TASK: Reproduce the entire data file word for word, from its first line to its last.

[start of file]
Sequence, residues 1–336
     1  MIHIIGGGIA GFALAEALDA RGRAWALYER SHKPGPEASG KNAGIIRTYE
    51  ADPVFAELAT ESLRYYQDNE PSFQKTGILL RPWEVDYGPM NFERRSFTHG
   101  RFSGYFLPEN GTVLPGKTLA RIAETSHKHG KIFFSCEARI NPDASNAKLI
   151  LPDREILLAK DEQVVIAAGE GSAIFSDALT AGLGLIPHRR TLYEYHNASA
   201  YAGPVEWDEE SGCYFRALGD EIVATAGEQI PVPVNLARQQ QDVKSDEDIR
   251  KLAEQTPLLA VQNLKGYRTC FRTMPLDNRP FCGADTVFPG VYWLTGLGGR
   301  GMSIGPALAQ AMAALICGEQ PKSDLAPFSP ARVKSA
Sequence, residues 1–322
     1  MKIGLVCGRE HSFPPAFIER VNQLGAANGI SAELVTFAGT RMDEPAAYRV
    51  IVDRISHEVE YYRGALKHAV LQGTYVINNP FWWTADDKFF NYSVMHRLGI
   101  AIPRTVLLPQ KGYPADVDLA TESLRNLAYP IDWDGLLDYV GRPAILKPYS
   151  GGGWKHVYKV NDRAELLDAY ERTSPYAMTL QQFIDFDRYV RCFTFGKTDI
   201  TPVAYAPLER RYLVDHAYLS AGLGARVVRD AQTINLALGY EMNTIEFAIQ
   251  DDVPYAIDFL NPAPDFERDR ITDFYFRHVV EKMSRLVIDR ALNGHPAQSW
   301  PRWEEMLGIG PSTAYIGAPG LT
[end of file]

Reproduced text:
Sequence, residues 1–336
     1  MIHIIGGGIA GFALAEALDA RGRAWALYER SHKPGPEASG KNAGIIRTYE
    51  ADPVFAELAT ESLRYYQDNE PSFQKTGILL RPWEVDYGPM NFERRSFTHG
   101  RFSGYFLPEN GTVLPGKTLA RIAETSHKHG KIFFSCEARI NPDASNAKLI
   151  LPDREILLAK DEQVVIAAGE GSAIFSDALT AGLGLIPHRR TLYEYHNASA
   201  YAGPVEWDEE SGCYFRALGD EIVATAGEQI PVPVNLARQQ QDVKSDEDIR
   251  KLAEQTPLLA VQNLKGYRTC FRTMPLDNRP FCGADTVFPG VYWLTGLGGR
   301  GMSIGPALAQ AMAALICGEQ PKSDLAPFSP ARVKSA
Sequence, residues 1–322
     1  MKIGLVCGRE HSFPPAFIER VNQLGAANGI SAELVTFAGT RMDEPAAYRV
    51  IVDRISHEVE YYRGALKHAV LQGTYVINNP FWWTADDKFF NYSVMHRLGI
   101  AIPRTVLLPQ KGYPADVDLA TESLRNLAYP IDWDGLLDYV GRPAILKPYS
   151  GGGWKHVYKV NDRAELLDAY ERTSPYAMTL QQFIDFDRYV RCFTFGKTDI
   201  TPVAYAPLER RYLVDHAYLS AGLGARVVRD AQTINLALGY EMNTIEFAIQ
   251  DDVPYAIDFL NPAPDFERDR ITDFYFRHVV EKMSRLVIDR ALNGHPAQSW
   301  PRWEEMLGIG PSTAYIGAPG LT